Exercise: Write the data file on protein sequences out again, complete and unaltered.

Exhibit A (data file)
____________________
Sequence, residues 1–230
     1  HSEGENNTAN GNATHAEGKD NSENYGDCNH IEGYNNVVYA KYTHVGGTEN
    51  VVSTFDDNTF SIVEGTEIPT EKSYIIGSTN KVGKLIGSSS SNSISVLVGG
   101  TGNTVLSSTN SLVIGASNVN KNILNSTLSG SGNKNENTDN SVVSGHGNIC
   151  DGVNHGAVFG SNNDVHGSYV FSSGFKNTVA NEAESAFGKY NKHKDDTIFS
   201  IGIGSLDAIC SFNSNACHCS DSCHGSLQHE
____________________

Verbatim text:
Sequence, residues 1–230
     1  HSEGENNTAN GNATHAEGKD NSENYGDCNH IEGYNNVVYA KYTHVGGTEN
    51  VVSTFDDNTF SIVEGTEIPT EKSYIIGSTN KVGKLIGSSS SNSISVLVGG
   101  TGNTVLSSTN SLVIGASNVN KNILNSTLSG SGNKNENTDN SVVSGHGNIC
   151  DGVNHGAVFG SNNDVHGSYV FSSGFKNTVA NEAESAFGKY NKHKDDTIFS
   201  IGIGSLDAIC SFNSNACHCS DSCHGSLQHE